The Review: American Courtesans (2013)

(this is a blog for my non-professional posts, not related to my writing or productions, but that I think I’d like to share.  First up: a documentary I am happy I watched on Netflix: American Coutesans (2013))

AMERICAN COURTESANS is a documentary collecting interviews with a number of women who work or have worked in the sex trade industry, where they discuss their lives and careers from their childhoods to their current lives as escorts, producers, and activists.  I felt it was a great film, and it did a good job of showing the true face of the industry, good and bad.

The main interviewer is Kristen DiAngelo, who is also interviewed by one of the stars, sharing her own story while supporting others as they tell theirs.  I think this works well because it is honest about the context of the film maker, saying openly that this is her story, just like the other stories, take it as it is.

In the film, the stories of the women are sorted by stages rather than chronologically: childhoods compared, initiations into the industry compared, and so on.  While the ages of the courtesans means the stories happened at different times, the technique works to show how similar and yet different each one is.  Some had abusive parents, others had supportive parents; some had truly horrific introductions to the industry, some had positive experiences.  By the end you see how different they were, as well as how similar the challenges they faced have been.

I thought it worked well.

My own bias: before going into publishing, I had the privilege to work in homeless shelters and supportive housing, and during that time worked with a number of men and women involved in the sex trade.  While there, I helped one young woman who disclosed she had been raped by several men, and she was in shock.  One of the disturbing parts of this was that she could not go to police for help, as she was a sex trade worker, as well as a number of other marginalized demographics (history of incarceration, addiction to drugs, etc.).  Her job as a sex trade worker meant getting justice for being assaulted would be difficult if not impossible, needing a level of education and money and mental clarity she doesn’t have while in crisis.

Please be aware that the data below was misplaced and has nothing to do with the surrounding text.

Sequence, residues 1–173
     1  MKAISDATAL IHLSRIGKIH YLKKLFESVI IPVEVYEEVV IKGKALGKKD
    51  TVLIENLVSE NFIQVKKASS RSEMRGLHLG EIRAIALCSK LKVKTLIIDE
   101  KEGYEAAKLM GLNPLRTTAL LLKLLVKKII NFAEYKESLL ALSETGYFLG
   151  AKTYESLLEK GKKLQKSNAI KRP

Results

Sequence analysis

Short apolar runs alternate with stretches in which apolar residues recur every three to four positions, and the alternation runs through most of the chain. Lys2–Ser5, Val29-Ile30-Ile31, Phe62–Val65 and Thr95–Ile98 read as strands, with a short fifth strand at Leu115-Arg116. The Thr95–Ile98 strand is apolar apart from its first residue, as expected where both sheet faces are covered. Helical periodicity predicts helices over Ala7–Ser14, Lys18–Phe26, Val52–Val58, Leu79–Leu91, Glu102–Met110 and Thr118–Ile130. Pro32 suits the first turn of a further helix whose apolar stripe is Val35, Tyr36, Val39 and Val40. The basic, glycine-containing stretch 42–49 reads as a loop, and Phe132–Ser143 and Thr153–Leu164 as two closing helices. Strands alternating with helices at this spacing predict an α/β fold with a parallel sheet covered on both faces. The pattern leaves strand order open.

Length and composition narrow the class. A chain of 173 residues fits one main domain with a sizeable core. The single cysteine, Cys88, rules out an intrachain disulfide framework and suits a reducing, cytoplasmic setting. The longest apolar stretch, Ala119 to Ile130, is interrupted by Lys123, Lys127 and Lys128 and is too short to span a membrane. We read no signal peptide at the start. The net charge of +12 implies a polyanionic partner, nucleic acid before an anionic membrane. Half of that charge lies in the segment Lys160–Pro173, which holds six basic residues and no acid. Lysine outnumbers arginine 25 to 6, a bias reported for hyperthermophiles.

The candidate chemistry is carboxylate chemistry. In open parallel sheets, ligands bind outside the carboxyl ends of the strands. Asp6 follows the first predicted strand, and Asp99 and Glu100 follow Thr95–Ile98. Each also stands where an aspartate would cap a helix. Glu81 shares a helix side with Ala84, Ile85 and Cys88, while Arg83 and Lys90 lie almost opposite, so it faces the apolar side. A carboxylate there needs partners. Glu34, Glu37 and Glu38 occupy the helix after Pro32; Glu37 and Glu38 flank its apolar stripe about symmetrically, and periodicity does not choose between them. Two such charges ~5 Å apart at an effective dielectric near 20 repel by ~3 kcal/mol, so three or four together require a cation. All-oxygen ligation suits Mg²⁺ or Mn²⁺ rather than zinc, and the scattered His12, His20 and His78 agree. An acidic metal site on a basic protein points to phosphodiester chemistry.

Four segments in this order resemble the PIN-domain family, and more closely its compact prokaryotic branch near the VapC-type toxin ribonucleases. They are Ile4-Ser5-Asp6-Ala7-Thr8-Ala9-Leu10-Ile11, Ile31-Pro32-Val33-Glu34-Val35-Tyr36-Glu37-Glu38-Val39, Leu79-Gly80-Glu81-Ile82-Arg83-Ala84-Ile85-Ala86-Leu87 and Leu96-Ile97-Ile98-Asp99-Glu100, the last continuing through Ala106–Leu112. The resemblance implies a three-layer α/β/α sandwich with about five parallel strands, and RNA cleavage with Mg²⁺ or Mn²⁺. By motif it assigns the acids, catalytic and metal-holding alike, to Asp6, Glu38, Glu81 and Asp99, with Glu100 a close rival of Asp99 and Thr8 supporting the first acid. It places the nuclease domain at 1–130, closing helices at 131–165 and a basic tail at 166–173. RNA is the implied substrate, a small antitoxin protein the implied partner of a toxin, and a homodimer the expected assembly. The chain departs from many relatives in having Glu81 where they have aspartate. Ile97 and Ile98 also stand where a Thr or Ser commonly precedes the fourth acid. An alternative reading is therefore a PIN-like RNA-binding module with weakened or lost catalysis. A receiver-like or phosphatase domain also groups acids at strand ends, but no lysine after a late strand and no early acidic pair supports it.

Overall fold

The issues that are being targeted by the laws – pimps and drug dealing – are not the sex trade, they’re pimping and dealing drugs. Because she’s a sex trade worker, though, she can’t do things through normal legal processes, meaning she has to operate illegally.  The excuse is that it’s for her benefit, saving her from the pimps; but it means she can’t get free from pimps because she’s not able to operate legitimately on her own.

I was privileged to work with a few wonderful ladies and gentlemen, many of whom only needed help with mental health and addictions issues, and just someone to believe in them.  Not change them, not demand change from them before offering help, but just be there, where they are at right now, not judging.  Okay, so they go out at night, fine: here’s some safety kit, and remember to take your meds so you don’t get confused, and call in so we know you’re safe. Done. They started to make positive choices for themselves, with simple things like cleaning their housing, taking medication, seeing doctors, doing laundry, smiling, eating.  So they are sex trade workers, what do I care?  They’re also really funny, very intelligent, have valid contributions, and are part of the community. If they’re trapped, cutting them off from the community doesn’t empower them to be strong individuals; it makes them more vulnerable, traps them in crisis, and makes the community weaker for it.

The women in American Courtesans are not street-level sex trade workers, some never were, and all of them are at least private, independent escorts.  Many of the stories mirror those of the people I worked with, and what a miracle they’re alive now: struggles with abandonment from their families, addictions, crises of every kind.  Yet they are on camera, alive, laughing, sharing emotional stories.  They seem like good, brave people who have seen some of the worst life can throw at a person and lived, and know the value of life.

Kristen DiAngelo’s story in particular struck a nerve for me, along with the others, and prompted me to write this: when in crisis, going to the police for help, covered in blood, she was told there was nothing they could do as her attacker was a wealthy businessman who was pressing charges against her; had they acted in her defense, as they did for later victims, he would not have attacked several other women.  The only difference was they were not sex trade workers.  And she’s right, as in Canada we had the Picton case, of a farmer who killed dozens of sex trade workers and destroyed the bodies with his pigs.  Natives have hundreds of women missing, and society doesn’t look for them; we have news stories, we have “outrage”, but no action.